· Vatican City ·

Silence in the world of communications

 Silence in the  world of  communications  ING-012
22 March 2024

The world of communication should experience its own Lenten Season, reconsidering what is not right in its existence, and putting itself through a process of conversion. It is a difficult task. The contemporary Western world is so permeated with communication that it seems that everything exists as long as it is communication, as if, just because everything can be communicated via the current means of communication (today known as devices), then everything must be communicated.

In view of all this, with its message made of images and actions such as the desert, fasting, silence… Lent can truly become an occasion as precious as ever. In 1991, French philosopher Gilles Deleuze published the essay, What is Philosophy, in which he wrote this perceptive reflection: “We do not lack communication; on the contrary, we have too much of it. We lack creation. We lack resistance to the present”. And in the essay, Negotiations, he wrote: “We’re riddled with pointless talk, insane quantities of words and images. Stupidity’s never blind or mute. So it’s not a problem of getting people to express themselves but of providing little gaps of solitude and silence in which they might eventually find something to say. Repressive forces don’t stop people expressing themselves but rather force them to express themselves; what a relief to have nothing to say, the right to say nothing, because only then is there a chance of framing the rare, and ever rarer, thing that might be worth saying”.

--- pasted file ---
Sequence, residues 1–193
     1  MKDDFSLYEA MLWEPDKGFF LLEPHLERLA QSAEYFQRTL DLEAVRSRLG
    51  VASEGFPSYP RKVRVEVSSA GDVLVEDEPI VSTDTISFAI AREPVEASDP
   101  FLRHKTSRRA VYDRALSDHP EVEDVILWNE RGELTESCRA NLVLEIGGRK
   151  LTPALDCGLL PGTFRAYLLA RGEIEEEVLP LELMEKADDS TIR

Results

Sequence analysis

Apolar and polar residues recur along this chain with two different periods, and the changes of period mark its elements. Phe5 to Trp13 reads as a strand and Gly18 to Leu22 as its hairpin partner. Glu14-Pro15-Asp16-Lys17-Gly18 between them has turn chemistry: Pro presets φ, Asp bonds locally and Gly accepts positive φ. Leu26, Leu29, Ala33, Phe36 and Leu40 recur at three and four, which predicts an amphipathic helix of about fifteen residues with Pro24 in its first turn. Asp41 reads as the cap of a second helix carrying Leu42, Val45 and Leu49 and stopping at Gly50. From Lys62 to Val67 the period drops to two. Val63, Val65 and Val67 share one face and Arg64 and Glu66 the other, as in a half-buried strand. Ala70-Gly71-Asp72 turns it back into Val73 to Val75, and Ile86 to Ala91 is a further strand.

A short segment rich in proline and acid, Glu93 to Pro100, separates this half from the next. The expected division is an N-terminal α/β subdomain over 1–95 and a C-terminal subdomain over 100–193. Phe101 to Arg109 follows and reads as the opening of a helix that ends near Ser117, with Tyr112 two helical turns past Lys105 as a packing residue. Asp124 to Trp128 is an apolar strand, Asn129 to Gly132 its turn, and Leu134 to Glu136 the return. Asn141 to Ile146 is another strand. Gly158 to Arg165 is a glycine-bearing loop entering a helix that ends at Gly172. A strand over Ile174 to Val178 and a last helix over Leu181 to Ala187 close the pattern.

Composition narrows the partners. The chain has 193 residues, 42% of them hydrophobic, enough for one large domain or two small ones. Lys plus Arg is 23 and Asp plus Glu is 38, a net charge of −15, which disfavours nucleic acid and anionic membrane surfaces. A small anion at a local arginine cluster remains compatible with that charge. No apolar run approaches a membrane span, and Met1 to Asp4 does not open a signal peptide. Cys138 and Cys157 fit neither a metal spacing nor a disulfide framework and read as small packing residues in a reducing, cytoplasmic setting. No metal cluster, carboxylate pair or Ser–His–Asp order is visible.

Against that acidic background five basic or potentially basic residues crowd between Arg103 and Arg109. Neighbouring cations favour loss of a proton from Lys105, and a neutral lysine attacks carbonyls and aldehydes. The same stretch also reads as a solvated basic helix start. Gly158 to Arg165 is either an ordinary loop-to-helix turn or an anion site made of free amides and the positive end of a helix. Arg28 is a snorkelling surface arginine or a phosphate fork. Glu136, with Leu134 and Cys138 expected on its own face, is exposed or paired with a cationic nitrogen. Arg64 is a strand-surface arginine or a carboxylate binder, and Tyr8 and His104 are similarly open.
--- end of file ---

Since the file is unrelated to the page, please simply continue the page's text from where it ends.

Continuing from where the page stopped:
Deleuze was right. We lack creation. One can’t see the forest for the trees. The saturation of communication prevents creativity, the soul of communication, from emerging. The French philosopher strongly links creativity with solitude and silence, imagining the recovery of these two dimensions as an act of “resistance”, a release from the tyranny of the “present”. We are absorbed by situations, by circumstances, by what needs to be done, and our agenda is only what it means: “things to do”. Perhaps we should throw it away every now and then and try to stay within those “gaps” and listen. Silence and solitude could be the path for a fruitful Lent for the world of communication.

This same direction was pointed out by one of the greatest writers of the 1900s who died 100 years ago on 3 June 1924, Franz Kafka: “You do not need to leave your room. Remain sitting at your table and listen. Do not even listen, simply wait, be quiet, still and solitary. The world will freely offer itself to you to be unmasked, it has no choice, it will roll in ecstasy at your feet”. If the author’s provocation grasps the truth, then the relationship between people who work in communications, and the world, should be reassessed, in order to ask the question: What is the mindset that inspires those who work in communications? An “extractive” mentality, the world as an object of study, a cadaver on the table of the anatomical pathologist, a crime scene to investigate and through which to morbidly rummage, or a place inhabited by subjects, people with a dignity to be respected, a living place, a living organism that first of all needs to be listened to, possibly with love? (A. Monda)

Andrea Monda